We resist accepting that these things we believe are lies because quite often, the alternative is unappealing. In my Tinder example, if I accept that I won’t like someone I meet off of a dating site, that takes dating out of my control, and my depressed brain will likely think, “OH MY GOD, I’M GOING TO DIE ALONE.” See? Not appealing at all.

When it comes to writing, this resistance against the truth is good. Resistance creates conflict, and conflict creates interesting plot lines.

Helping Writers Become Authors provides and excellent list of lies characters from pop culture believe:

  • Might makes right. (Thor)
  • The only way to earn love is through servitude. (Jane Eyre)
  • Kids aren’t worth taking care of. (Jurassic Park)
  • The people you love will always lie to you. (Secondhand Lions)
  • Your only worth is in being the favorite. (Toy Story)

Only a few things can happen over the course of a story when characters believe lies. They will:

A. recognize the lie they believe which will make them into better characters than they were at the beginning of the story (positive character arc).

Or on the flip side of the coin:

B. the characters will still change, but for the worse (negative character arc). They will either never recognize the lie and continue down a path of delusion, or even worse, recognize the lie only after it’s too late (see: Othello).

Accounting for The Lie Your Character Believes is a great way to develop any character because no matter how your character responds to the lie, the character won’t be static, and will change over the course of the story. A character that has believable change over the course of a story is a well-written one.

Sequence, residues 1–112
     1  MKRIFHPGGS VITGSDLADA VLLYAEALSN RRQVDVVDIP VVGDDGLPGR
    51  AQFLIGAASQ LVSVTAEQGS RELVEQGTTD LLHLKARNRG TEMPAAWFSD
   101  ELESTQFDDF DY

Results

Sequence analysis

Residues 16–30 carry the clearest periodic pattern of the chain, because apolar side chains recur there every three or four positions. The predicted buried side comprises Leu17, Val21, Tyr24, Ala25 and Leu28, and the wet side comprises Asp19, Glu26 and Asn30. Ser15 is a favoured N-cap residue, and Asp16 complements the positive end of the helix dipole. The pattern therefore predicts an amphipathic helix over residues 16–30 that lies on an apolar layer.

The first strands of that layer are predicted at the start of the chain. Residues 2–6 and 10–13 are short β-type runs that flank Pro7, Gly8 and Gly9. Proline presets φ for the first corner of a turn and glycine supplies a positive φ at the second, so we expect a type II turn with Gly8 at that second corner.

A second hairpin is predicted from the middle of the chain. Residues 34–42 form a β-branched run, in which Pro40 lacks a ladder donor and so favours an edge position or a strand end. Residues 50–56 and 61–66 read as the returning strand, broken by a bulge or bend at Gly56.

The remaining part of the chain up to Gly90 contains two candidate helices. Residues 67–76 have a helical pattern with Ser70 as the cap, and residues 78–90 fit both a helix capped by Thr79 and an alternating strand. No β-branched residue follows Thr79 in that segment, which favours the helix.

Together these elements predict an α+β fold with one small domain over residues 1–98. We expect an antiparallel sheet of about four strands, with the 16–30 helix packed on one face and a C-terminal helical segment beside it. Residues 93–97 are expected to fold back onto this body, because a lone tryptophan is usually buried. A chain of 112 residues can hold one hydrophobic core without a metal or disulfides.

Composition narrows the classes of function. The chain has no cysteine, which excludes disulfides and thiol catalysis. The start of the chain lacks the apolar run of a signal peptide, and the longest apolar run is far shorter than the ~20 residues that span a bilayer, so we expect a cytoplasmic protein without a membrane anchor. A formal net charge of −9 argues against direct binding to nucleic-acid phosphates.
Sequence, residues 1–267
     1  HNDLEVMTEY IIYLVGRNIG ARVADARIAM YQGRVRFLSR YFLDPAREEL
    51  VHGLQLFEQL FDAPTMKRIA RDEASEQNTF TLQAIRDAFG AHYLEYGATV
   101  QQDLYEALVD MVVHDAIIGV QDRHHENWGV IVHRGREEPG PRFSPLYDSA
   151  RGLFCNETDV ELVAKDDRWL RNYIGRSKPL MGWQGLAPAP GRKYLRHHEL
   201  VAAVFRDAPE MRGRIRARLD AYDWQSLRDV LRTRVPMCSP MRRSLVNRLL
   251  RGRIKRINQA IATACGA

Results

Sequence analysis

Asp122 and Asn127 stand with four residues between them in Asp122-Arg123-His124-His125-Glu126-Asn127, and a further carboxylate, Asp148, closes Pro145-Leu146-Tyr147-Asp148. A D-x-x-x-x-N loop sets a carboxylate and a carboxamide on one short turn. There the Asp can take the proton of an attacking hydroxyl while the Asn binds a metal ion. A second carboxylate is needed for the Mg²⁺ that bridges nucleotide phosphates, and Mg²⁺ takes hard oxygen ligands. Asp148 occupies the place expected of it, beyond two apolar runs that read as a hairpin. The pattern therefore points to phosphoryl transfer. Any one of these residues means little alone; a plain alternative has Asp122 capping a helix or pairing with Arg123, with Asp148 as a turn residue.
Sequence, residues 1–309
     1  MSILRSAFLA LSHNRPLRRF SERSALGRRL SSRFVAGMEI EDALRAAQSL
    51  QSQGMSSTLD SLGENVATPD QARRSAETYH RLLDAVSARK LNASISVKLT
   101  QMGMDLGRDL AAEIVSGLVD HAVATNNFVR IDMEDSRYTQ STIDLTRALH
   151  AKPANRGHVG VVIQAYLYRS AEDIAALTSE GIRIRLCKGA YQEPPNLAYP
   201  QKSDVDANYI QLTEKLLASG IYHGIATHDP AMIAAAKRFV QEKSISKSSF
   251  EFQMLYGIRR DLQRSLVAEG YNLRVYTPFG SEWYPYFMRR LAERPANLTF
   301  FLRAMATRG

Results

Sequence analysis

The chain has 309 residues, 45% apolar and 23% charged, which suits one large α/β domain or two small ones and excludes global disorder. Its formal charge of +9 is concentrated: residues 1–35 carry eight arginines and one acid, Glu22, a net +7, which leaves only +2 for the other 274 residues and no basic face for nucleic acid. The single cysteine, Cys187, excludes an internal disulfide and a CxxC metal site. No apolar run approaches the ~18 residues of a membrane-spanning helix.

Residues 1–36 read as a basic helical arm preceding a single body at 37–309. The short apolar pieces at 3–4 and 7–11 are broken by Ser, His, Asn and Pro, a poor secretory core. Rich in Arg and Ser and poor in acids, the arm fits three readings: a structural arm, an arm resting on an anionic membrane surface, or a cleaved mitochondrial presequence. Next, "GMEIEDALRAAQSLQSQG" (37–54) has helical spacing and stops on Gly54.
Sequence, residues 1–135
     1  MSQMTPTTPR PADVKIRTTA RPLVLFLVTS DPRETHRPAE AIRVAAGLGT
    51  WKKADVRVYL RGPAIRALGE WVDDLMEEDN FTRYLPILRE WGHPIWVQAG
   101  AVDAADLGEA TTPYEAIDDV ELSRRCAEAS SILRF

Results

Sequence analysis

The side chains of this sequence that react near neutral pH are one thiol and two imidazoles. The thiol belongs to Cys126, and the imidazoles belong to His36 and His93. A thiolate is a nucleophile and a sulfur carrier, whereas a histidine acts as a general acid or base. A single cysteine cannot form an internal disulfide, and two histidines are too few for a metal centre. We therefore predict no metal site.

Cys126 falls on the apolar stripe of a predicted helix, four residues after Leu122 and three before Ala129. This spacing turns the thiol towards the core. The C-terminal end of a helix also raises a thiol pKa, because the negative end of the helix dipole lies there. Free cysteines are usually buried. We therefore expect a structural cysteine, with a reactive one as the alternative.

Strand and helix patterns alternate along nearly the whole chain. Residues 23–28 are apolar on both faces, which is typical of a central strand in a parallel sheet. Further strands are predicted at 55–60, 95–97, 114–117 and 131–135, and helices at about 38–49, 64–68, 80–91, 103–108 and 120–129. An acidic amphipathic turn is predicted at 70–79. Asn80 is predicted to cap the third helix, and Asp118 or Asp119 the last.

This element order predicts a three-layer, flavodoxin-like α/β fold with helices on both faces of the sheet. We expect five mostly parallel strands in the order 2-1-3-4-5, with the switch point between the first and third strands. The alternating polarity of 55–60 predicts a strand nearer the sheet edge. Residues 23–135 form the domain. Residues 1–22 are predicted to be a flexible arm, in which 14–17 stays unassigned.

The best part of this character element, is that it doesn’t just apply to the protagonist of your story, but to the secondary characters as well.

Let’s look at the villagers in The Beauty and the Beast. The lie they believe can best be summarized in this line from the mob song:

We don’t like what we don’t understand, in fact, it scares us.

That is their lie. If they don’t understand something, they must fear or dislike it. They exhibit this all throughout bith the the cartoon and the live action movie. They don’t understand Belle because of her passion for reading, and therefore label her as “odd.” This lie reaches its climax when the villagers are incensed to violence because of their misunderstanding of the beast and storm his castle with the intent to slaughter him.

After the curse is broken, the villagers learn that their lie, fearing what they don’t understand, is wrong because it lead them to fear their forgotten loved ones. If they hadn’t learned to stop fearing what they don’t understand, they likely would have been very frightened to see clocks and candlesticks transform into men, but they didn’t because they have a positive character arcs.

The villagers are just background characters to the plot, but even they have a lie that they believe. When they respond to their lie (ie alienating Belle, nearly murdering the Beast, and recognizing their fault by accepting their enchanted loved ones), it makes them believable characters. They’ve grown. This makes for quality writing (not saying that Beauty and the Beast is the epitome of English literature, but you get the idea). Character’s believing lies exists in essentially every well-written work.

 

To Do

When revising your work, analyze each of your characters and answer the following questions about them (including the minor characters): What lies do they believe? How do they develop over the course of the story? Do they have positive or negative character arcs? Do they have an arc at all?

If the answer to the last question is no, then I think it’s time to take creating a Lie for them into consideration.

I answered tgese questiond for my manuscript, and it really highlighted the characters which are well developed, and more importantly, those who aren’t.